Writing Your First GitHub Actions with Typescript

Writing Your First GitHub Actions with Typescript

I think I'll build an action that will deploy my database schema ... Looking a little closer, it seems that everything is written using TypeScript.

GitHub Actions is a CI/CD platform

GitHub Actions (as for other CI/CD services/platforms):

  • Triggers on events
  • Prepare environment(s)
  • Runs workflow(s)
  • Report results

A GitHub Action can either be a Dockerfile or Javascript

In a Dockerfile action:

  • The environment is defined by container layers
  • The workflow is defined by entry point bash script

In a JavaScript action:

  • The environment is defined in the [package.json](https://docs.npmjs.com/files/package.json), as NPM modules
  • The workflow is defined by the JavaScript/TypeScript code

JavaScript actions are faster and more stable

The strength of JavaScript actions, compared with Dockerfile actions, are:

  • The familiar syntax for most web/mobile/back end developers
  • Runs everywhere (JavaScript is less restrictive than Docker)
  • Runs faster by skipping container building and VM warm-ups.

Note: Let’s treat ourselves better and use TypeScript instead of JavaScript!

Step 1: Configure the Action

The configuration will let GitHub know how to run the action and how to list it on the GitHub marketplace.

The configuration is defined with a yaml file, action.yml, that contains:

  • The name of the action
  • The arguments to the action
  • The entry point to run the action

credit: example GitHub Actions configuration from readable-readme

Step 2: Implement the Microservices
  1. write source code for your magical action:

  1. Compile into JavaScript code and add them to source control.

  1. Point action entry point to the compiled JavaScript code.

Step 3: Publish the Action

Publishing your action means making a release in your repository!

  1. Give it a version number (semantic versioning preferred.)

  2. Leave a short release description.

  1. Release and get a cup of coffee.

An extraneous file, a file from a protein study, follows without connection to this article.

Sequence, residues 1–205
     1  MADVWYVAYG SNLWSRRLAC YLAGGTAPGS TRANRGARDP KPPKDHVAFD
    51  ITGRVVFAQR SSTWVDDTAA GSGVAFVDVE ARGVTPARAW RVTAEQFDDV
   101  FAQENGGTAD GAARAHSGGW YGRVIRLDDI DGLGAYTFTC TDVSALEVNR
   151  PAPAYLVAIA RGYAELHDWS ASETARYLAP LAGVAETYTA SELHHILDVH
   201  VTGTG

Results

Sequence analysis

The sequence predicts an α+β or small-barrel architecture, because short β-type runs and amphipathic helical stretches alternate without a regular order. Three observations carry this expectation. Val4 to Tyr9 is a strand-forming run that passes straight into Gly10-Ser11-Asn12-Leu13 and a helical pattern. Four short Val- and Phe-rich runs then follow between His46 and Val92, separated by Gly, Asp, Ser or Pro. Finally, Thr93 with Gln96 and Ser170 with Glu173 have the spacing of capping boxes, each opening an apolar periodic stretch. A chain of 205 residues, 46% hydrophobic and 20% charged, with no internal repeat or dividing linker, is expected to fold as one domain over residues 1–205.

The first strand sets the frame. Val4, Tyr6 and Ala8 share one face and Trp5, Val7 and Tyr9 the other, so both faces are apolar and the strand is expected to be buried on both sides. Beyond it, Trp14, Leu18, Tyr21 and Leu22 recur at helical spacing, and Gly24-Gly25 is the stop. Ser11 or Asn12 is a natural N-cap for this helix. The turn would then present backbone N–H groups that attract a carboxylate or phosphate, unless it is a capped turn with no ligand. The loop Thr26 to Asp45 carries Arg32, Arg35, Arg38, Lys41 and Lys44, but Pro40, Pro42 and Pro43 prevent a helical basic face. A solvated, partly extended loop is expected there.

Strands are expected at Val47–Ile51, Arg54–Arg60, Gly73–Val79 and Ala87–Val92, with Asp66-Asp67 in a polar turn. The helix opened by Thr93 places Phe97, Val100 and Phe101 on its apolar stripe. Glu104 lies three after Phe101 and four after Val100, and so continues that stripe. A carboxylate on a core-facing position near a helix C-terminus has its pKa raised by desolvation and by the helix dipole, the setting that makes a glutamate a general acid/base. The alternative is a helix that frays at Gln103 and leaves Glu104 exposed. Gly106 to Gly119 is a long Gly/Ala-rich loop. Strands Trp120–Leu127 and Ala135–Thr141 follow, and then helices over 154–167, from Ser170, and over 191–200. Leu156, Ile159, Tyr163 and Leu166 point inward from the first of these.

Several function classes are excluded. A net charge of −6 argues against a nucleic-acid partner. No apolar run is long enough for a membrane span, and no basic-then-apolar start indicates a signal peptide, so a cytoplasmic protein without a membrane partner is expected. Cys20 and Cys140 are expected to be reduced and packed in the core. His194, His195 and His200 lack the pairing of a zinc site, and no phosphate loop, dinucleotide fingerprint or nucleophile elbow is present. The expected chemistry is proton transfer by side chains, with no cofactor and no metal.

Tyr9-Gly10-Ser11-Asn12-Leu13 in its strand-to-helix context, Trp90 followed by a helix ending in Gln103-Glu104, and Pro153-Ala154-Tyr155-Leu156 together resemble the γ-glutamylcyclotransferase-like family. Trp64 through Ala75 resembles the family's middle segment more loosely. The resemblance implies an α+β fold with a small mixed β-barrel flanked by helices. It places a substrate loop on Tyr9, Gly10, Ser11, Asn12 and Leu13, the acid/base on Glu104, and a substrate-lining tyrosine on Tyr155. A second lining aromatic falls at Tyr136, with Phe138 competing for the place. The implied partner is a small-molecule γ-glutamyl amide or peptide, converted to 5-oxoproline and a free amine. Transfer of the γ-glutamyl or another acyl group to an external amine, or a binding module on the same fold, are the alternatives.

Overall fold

Step 4: Start Using the Action
  1. Add the released action to the workflow.

  1. watch the result and get another cup of coffee!

  1. This action lints documentation and generate reports:

Thank you for reading!

Understanding of GitHub and Actions to Improve Your Workflow

Understanding of GitHub and Actions to Improve Your Workflow

If you host your code on GitHub, you can take advantage of GitHub Actions. Instead of running all tests and linters manually, you can leverage GitHub Actions for those tasks. Learn more Github Actions in this post, improve Your Workflow With These 4 GitHub Actions

Github Actions - What, Why, and How?

Automate boring tasks with Github Actions

GitHub Actions make it easy to automate all your software workflows. Github Actions let you build, test, and deploy your code right from GitHub. You can also assign code reviews, manage branches, and triage issues the way you want with actions.

Whether you want to build a container, deploy a web service, or automate welcoming a new user to your open-source project — there’s an automated action for that.

The easiest way is to think of Github Actions as their own continuous integration system. You can pair GitHub Packages with Actions to simplify package management, including version updates, fast distribution with the Github global CDN, and dependency resolution, using your existing GITHUB_TOKEN.

Getting Started

Every Github repository now supports Github's actions. Open a repository in the browser, and you’ll spot the “Actions” tab right away.

Source: Github

Once we press on the Actions tab, we’ll be taken to the Actions page.

Actions tabs

Github is smart enough to recommend relevant actions. Let’s say we have a Node project where we want to test whether the build command works before shipping our code to the production server. Press on the “set up on this workflow” button.

nodejs.yml

Every Github action required a .yml file. The .yml file is used to describe actions, behavior, and everything else.

.yml stands for YAML (“YAML Ain’t Markup Language”), which is a human-readable data serialization language. It’s commonly used for configuration files and in applications where data is being stored or transmitted.

Before committing the freshly created nodejs.yml file, Github gives us a chance to glance over it. Everything seems in order, and here’s what’s happening inside the file:

  • Spin up a Ubuntu server
  • Install Node.js
  • Install node packages for the project
  • Fire off the package.json scripts like npm run build and npm run test

Alrighty, let’s commit the file to the project now.

Committing the nodejs.yml file

Now every time you push to the project, the commands will fire off automatically. There’s even action for deploying to AWS or Google Cloud.

Checks running on each push

Github actions aren’t just for the Web or Node exclusively — they’re also for languages and environments. Explore all the actions here.

The best part about actions is you can write your own action and open-source it for the whole world to see.

Improve Your Workflow With These 4 GitHub Actions

Here are 4 useful GitHub Actions to improve your workflow

1. Detect Secret Key Leaks — gitleaks-action